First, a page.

I've found these pages helpful as I've built my own ultralight. The first one is for RC's but works equally well for paramotor/ultralights. Static Thrust Calc http://www.godolloairport.hu/calc/strc_eng/index.htm

If you do remove the governor from your motor you can play with different props/reduction drives here: Culver Propellers http://www.culverprops.com/pitchselection.htm

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  • $\begingroup$ i already change plan to another engine, 2 stroke and 28 HP. My problem with 2 stroke is just too much eating fuel, but yes the engine are pretty light and powerful $\endgroup$ – Gifhary Syidhqa Hamim Mar 25 '18 at 9:56
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I suggest that you get a copy of NACA report #408 from the web.
General Formulas and Charts for The Calculation of Aircraft Performance This was develop to quickly do preliminary studies of new military aircraft in the era between WWI and WWII.

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    $\begingroup$ Welcome to aviation.SE. Please be aware that we prefer answers to be self-contained, and not to send user to look for material around the web. If you have a link to the report and you can summarize here why it answers the question, it would be better. $\endgroup$ – Federico Oct 15 '18 at 6:37
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Yes, a True Part 103 Ultralight and even some Small Kitplnaes can fly on 18hp. That's 18hp@3600rpm. That Engine uses a very Small 22mm/24mm Carb and a Restrictive Air Filter and Restrictive Exhaust with a Low 8.0-8.3cr. Put just a 32mm Carb Mukuni Flat Side Carb, with K&N Air Filter, and a Tuned Header Exhaust, and it will probably make around 25hp@3600rpm. If you add a Hi Rev Kit, disable Governor(Always for Plane use), disable Low Oil Sensor(Always for Plane use), and add a better CAM, it can make 35+hp@5000rpm. I would always use a Reduction Belt Drive.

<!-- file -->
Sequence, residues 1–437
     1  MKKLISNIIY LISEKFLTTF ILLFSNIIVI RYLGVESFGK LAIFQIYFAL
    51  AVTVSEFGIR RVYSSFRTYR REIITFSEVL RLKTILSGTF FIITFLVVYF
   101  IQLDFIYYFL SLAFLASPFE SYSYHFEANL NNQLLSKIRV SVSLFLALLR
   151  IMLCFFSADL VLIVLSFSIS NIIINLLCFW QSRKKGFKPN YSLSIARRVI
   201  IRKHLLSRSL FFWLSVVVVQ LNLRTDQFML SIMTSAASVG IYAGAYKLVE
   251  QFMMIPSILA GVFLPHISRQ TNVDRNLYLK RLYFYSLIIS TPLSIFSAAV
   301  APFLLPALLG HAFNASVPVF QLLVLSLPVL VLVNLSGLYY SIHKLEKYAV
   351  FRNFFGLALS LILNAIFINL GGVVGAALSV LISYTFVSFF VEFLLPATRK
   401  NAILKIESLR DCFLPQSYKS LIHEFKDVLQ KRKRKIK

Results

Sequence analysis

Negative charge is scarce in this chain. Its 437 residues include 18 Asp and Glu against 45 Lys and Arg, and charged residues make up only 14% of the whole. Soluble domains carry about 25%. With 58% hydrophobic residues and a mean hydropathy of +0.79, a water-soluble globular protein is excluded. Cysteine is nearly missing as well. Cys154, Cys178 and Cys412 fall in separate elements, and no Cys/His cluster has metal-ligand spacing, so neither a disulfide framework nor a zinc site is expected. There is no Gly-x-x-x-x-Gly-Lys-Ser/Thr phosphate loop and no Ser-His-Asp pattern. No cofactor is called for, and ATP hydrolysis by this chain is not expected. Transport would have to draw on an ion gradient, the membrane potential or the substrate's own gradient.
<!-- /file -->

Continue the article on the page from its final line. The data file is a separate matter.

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    $\begingroup$ Your answer looks OK but why all the strange capitalisation of words that shouldn't be (unless you were writing in German)? $\endgroup$ – Transistor Dec 24 '18 at 21:28
  • $\begingroup$ That capitalisation doesn't even work in German. They rather combine the words ... like Flatsidecarb :) $\endgroup$ – Raffzahn Jan 7 at 14:42
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I would get away from Wright Brothers comparisons and listen to Peter. Lengthening the fuse will give you a much smoother feel with the elevator and more pitch and rudder control. Reminds me of the time when Richthofen recommended to same thing for the new Fokker D.VII.

As an added bonus, it will help keep your CG in the right place when you add a bigger engine. Although torque from overpowering would be dangerous, 18 hp may be a bit anemic, particularly into the wind. At lower power you have to go with lower wing loading. The wind will blow you around like a leaf. Also, lower flying speeds leave much less of a safety margin in the event of a gust or wind shear. More power can save you in these situations.

Research of other, proven aircraft of this plan form may show 30 - 50 hp may be more realistic. Good luck with your work.

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  • $\begingroup$ Thank you for the response. I've been thinking of another engine. It's two stroke, single cylinder 150cc. The company claim in produce 28HP, but many people "dyno test" the engine, they got 30+ HP. The problem is that motorcycle engine and water cooled, i'm still looking for more suitable engine, because this type of hobby is not really popular here nor even exist yet. The proper engine for aviation is out of my budget, something like snowmobile engine is what i looking for. The airplane design is not really a problem. I have some interest with Affordaplane and Legal Eagle. $\endgroup$ – Gifhary Syidhqa Hamim Dec 25 '18 at 20:35
  • $\begingroup$ @Gifhary Syidhqa Hamim while gathering funds for your project, you may wish to continue to study plan forms. Unless you are into aerobatics, lengthening to fuselage will make it much easier to control. A matter of preference I guess. As far as engines, this is the heart of any powered aircraft. The one you pick needs to handle the prop load without overheating. The first thing you buy may be the prop. Then bench test your engine candidates and see what rpm you can get, and if possible, how much thrust. Then you can decide if this is the best engine for your plane. $\endgroup$ – Robert DiGiovanni Dec 25 '18 at 23:27
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Your question is "Can an ultralight aircraft fly with a 18hp engine?"

The answer is yes an ultralight can fly with that engine and you will not need a reduction drive with the correct sized prop designed to keep tip speed subsonic.

Check out the beaujon ultralights, the bloop motorfloater by Mike sandlin and the rutan quickie. Three different planforms and they all fly on hp in that range.

The beaujon enduro seems closest to yours and used a 16 hp engine and was heavier. Its Briggs and Stratton engine ran in the mid 3000s rpm range max output and lower than that at cruise. It appears to have the same power output profile as yours.

There's a wiki page for the enduro and the beaujon site sells plans and a manual on how to design your own ultralight.

Whether YOUR ultralight will fly who knows. Come back and post updates!